Washington Post fact checker Glenn Kessler has refused to call Donald Trump's lies what they are, contemptible, purposeful, and told with intent to deceive. But this week's Cohen plea on the Stormy Daniels payoff finally gets Kessler to use the L word.
The first denial that Donald Trump knew about hush-money payments to silence women came four days before he was elected president, when his spokeswoman Hope Hicks said, without hedging, “we have no knowledge of any of this.”
The second came in January of this year, when his attorney Michael Cohen said the allegations were “outlandish.” By March, two of the president’s spokesmen — Raj Shah and Sarah Huckabee Sanders — said publicly that Trump denied all the allegations and any payments. Even Cohen’s attorney, David Schwartz, got in on the action, saying the president “was not aware of any of it.”
In April, Trump finally weighed in, answering a question about whether he knew about a payment to porn star Stephanie Clifford, who uses the stage name Stormy Daniels, with a flat “no.”
It’s now clear that the president’s statement was a lie — and that the people speaking for him repeated it.
One of the distinguishing characteristics of Donald Trump’s presidency has been his loose relationship with facts. As of the beginning of this month, The Washington Post’s Fact Checker had documented 4,229 false or misleading claims from the president — an average of nearly 7.6 a day.
Trump’s allies have defended the president by suggesting that facts are debatable. Early into his presidency, one aide famously said he was operating with “alternative facts.” On Sunday, Trump attorney Rudolph W. Giuliani declared: “Truth isn’t truth.”
How to characterize Trump’s statements has become its own pitched political battle, with many of the president’s critics demanding that they be called “lies.” The Fact Checker has been hesitant to go that far, as it is difficult to document whether the president knows he is not telling the truth.
On Wednesday, Sanders said during a White House briefing that it was “a ridiculous accusation” to say the president has lied to the American people.
But this week’s guilty plea by Cohen, offers indisputable evidence that Trump and his allies have been deliberately dishonest at every turn in their statements regarding payments to Daniels and Playboy model Karen McDougal.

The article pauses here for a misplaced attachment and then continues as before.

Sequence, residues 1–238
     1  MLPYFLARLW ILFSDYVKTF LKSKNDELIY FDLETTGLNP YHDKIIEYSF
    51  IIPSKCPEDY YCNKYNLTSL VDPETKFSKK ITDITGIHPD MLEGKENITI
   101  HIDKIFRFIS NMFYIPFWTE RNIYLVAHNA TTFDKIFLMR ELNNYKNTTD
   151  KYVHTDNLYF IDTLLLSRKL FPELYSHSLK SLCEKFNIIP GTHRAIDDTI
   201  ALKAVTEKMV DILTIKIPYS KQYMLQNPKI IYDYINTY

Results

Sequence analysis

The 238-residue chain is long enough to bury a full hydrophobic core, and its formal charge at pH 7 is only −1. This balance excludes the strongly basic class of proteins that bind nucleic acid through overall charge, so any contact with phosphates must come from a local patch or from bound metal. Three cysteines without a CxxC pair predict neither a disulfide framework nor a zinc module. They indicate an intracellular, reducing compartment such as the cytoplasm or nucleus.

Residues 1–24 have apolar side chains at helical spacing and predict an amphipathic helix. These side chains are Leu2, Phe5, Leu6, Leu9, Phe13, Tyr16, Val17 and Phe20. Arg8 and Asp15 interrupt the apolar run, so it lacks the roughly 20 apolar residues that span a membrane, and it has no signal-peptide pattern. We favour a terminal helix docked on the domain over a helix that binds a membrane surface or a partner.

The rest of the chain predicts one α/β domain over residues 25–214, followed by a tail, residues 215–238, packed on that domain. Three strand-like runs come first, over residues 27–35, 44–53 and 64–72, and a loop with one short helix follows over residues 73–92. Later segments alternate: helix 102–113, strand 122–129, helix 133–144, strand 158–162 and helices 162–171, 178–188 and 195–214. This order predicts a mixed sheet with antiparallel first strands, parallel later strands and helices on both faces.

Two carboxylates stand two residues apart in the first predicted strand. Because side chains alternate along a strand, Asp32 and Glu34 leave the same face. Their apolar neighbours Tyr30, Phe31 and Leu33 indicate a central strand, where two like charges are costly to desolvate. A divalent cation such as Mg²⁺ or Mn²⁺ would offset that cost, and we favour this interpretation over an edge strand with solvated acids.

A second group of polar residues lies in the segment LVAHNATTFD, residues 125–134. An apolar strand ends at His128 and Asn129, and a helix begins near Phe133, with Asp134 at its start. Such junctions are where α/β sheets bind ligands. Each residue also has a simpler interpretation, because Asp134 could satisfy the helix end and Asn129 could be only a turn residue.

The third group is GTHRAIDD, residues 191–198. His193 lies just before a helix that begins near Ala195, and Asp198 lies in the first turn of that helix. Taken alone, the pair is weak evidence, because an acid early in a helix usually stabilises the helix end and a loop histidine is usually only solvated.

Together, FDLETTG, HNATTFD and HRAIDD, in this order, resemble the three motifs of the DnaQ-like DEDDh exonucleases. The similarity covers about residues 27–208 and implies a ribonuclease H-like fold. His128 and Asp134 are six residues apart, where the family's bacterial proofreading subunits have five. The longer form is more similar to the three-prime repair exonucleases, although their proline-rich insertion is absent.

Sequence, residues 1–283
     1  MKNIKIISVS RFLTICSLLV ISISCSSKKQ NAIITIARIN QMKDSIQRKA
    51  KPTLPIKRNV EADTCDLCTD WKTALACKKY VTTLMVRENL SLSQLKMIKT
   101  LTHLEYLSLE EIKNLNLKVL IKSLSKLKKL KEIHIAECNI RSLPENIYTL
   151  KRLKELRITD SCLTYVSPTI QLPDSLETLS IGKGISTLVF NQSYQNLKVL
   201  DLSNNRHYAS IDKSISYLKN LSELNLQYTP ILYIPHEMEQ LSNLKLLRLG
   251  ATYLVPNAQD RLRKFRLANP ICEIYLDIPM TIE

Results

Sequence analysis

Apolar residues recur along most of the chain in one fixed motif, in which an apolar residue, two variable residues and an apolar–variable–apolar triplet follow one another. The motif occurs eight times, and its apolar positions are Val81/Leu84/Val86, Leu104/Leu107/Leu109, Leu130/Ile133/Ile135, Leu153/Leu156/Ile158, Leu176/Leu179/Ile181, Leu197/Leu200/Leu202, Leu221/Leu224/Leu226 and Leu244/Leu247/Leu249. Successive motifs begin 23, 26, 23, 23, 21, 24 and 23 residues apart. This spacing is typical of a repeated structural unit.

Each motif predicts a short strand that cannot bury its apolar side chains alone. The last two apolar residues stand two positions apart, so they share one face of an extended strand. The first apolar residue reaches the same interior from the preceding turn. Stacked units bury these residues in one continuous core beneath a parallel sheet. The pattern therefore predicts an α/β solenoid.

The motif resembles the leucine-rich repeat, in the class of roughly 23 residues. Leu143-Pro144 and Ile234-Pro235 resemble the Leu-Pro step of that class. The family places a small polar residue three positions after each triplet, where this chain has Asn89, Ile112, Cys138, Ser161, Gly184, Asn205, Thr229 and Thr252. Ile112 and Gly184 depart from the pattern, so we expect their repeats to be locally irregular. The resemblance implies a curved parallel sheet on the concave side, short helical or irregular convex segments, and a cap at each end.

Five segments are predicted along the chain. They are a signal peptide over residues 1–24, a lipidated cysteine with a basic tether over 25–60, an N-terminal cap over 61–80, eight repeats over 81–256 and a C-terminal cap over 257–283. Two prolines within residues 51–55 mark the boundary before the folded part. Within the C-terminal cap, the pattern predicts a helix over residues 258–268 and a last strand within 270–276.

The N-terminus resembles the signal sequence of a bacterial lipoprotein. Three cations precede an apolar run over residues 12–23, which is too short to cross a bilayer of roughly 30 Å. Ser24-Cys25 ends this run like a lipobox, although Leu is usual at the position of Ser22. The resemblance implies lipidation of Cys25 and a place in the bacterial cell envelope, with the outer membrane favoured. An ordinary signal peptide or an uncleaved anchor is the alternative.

It's a start. Pretending that Trump says things and doesn't intend them as lies is such a ghastly failure of journalistic integrity and accountability that it has led directly to Trump knowing full well that he can lie with impunity.
Those days have apparently ended as Michael Cohen turned on Trump, and there's not like he had much choice.
Michael Cohen had many reasons to play ball last weekend when his legal team sat down to talk to federal prosecutors.
The Manhattan U.S. Attorney’s office had testimony from Mr. Cohen’s accountant and business partners, along with bank records, tax filings and loan applications that implicated not only Mr. Cohen in potential criminal activity, but also his wife, who filed taxes jointly with her husband. Prosecutors signaled Mr. Cohen would face nearly 20 criminal counts, potentially carrying a lengthy prison sentence and staggering financial penalties.
Adding to the pressure, David Pecker, the chairman of American Media Inc., which publishes the National Enquirer, provided prosecutors with details about payments Mr. Cohen arranged with women who alleged sexual encounters with President Trump, including Mr. Trump’s knowledge of the deals.
This account of how Mr. Cohen went from a pugnacious defender of the president to turning on Mr. Trump is based on details provided by people close to Mr. Cohen and others briefed on the discussions with prosecutors.
For weeks, the president had been distancing himself from Mr. Cohen, including by stopping paying his longtime attorney’s legal fees, making clear amid the pressure that he was on his own.
Under oath on Tuesday, before a packed courtroom, Mr. Cohen created a spectacular moment without parallel in American history when he confessed to two crimes that he said he committed at the behest of the man who would become president.
Mr. Cohen pleaded guilty to eight federal crimes, including tax evasion and making false statements to a bank, capping a months-long investigation into his business dealings and work as Mr. Trump’s personal lawyer. For the president, it opens up a perilous new legal front.
Cohen was going away for the rest of his life. He chose instead to implicate Donald Trump. And while I'm painfully aware that impeachment remains a fantasy that Democrats should best avoid, the rest of the GOP does not enjoy that kind of protection and is very vulnerable.
Regardless, the GOP in Congress continue to ignore the situation. They have to be voted out before anything will be done.